His home was invaded by thugs with guns.

He wrestled the gun away from the would-be robber and shot him…

Now the homeowner is facing criminal charges.

Despite the fact Canada does have a law to protect crime victims from prosecutors, the victim is being held under house arrest.

The fact that the prosecutors are ignoring this law is why this story should be important to Americans.  What the prosecutors are saying is the victim didn’t follow all the regulations and technicalities while he was fighting for his life.

While many states have laws that are designed to protect citizens who use firearms to protect themselves from home invaders, anti-gun judges and prosecutors still go after the crime victims for violating statutes that require firearms to be stored in safes.

In this case, the Canadian is charged with:

“attempted murder, intent to discharge a firearm, intent to discharge a firearm when being reckless, careless use of a firearm, improper storage of a firearm, pointing a firearm, possession of a weapon for a dangerous purpose, unauthorized possession of a firearm, possession of a firearm knowing that possession is unauthorized, and possession for the purpose of trafficking.”

No jury would convict someone who is defending himself of attempted murder, but they might on the legal technicalities.  This story illustrates why these laws are so dangerous.

From The Chronical Herald:

A man is charged with attempted murder and a raft of firearms offences after helping fend off home invaders, one of whom he’s now charged with shooting.

Kyle Earl Munroe was arrested on July 12 after RCMP and Halifax Regional Police responded to a report of a home invasion involving firearms at a home in Porters Lake.

Police said that three men entered the residence with guns and a struggle took place with two men inside.

The two in the home seized a firearm from one of the suspects and several shots were fired as the suspects fled. Police later located one of the suspects, who had non-life-threatening gunshot wounds.

Munroe faces charges of attempted murder, intent to discharge a firearm, intent to discharge a firearm when being reckless, careless use of a firearm, improper storage of a firearm, pointing a firearm, possession of a weapon for a dangerous purpose, unauthorized possession of a firearm, possession of a firearm knowing that possession is unauthorized, and possession for the purpose of trafficking.

“Right now they’re just pending charges,” said spokeswoman Chris Hansen at the Public Prosecution Service.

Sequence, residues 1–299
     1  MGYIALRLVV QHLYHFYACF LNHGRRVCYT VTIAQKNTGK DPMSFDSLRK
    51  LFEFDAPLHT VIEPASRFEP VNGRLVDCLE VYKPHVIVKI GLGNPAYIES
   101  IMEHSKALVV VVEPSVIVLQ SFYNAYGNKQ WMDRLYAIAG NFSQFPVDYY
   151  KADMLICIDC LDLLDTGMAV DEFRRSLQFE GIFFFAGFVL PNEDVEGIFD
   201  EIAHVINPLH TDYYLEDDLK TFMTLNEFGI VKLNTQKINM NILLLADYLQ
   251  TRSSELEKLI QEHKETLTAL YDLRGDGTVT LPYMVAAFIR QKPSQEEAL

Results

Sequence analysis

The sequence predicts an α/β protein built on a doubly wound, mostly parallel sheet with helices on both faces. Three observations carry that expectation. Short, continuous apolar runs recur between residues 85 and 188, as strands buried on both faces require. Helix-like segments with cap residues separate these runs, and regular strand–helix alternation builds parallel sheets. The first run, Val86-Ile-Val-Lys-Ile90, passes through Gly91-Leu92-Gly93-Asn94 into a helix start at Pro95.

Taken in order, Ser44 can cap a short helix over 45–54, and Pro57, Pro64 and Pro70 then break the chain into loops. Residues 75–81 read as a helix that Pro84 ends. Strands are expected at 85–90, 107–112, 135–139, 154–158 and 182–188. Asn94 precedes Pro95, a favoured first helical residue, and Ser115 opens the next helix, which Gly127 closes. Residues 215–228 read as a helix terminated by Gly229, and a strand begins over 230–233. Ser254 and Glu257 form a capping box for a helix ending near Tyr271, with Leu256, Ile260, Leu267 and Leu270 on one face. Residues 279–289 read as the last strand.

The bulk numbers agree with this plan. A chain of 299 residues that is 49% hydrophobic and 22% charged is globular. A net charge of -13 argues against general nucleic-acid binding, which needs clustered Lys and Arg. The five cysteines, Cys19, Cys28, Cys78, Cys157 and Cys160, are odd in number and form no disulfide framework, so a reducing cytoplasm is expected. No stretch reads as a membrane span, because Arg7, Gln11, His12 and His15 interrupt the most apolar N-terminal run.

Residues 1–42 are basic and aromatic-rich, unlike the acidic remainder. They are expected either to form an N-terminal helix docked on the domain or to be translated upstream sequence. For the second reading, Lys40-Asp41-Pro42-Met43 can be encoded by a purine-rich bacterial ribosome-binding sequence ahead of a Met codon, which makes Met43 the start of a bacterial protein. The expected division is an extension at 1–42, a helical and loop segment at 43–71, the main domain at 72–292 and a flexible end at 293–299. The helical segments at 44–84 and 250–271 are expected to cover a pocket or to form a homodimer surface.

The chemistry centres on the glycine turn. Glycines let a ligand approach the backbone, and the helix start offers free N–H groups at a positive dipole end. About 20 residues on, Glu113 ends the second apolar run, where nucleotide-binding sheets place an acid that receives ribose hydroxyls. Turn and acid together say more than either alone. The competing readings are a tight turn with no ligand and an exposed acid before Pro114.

Munroe is banned from any contact with two named individuals, must attend court as ordered, keep the peace and be of good behaviour, not leave his residence except for essential activities such as work or medical appointments, remain in Nova Scotia, not consume drugs or alcohol, not possess a cellphone or pager, have no weapons, and answer the door to police when they check at his home.

Munroe is due back in Dartmouth Provincial Court on Aug. 22 for election and plea.

This case is eerily similar to that of another Canadian two years ago.

From St. Catharine Standard:

“The whole thing reminds me of Ian Thomson, an Ontario man who went through a similar ordeal a few years ago. In that case, Thomson woke up to four men throwing Molotov cocktails at his home. Living a long way from police the former firearms instructor fired warning shots at his assailants, put out the fire that could have burned down his home and then called police.

He was charged and also faced more jail time than his attackers.

Thomson was acquitted but not before he was forced through a lengthy court battle that has ruined him financially.

This sort of thing isn’t supposed to happen anymore; it shouldn’t have happened in the past. But in February 2012, to deal with overzealous police and prosecutors, Prime Minister Stephen Harper announced changes to the law in what he called the Citizen’s Arrest and Self Defence Act.

“Our government is committed to putting real criminals behind bars,” Harper said. “Canadians who have been the victim of a crime should not be re-victimized by the criminal justice system. That’s why we have introduced changes to the Criminal Code so Canadians know they have the law on their side and that our justice system targets criminals and not victims.”

These stories should remind US citizens how dangerous so-called “common sense gun control” really can be when you have an anti-gun district attorney with a bad attitude.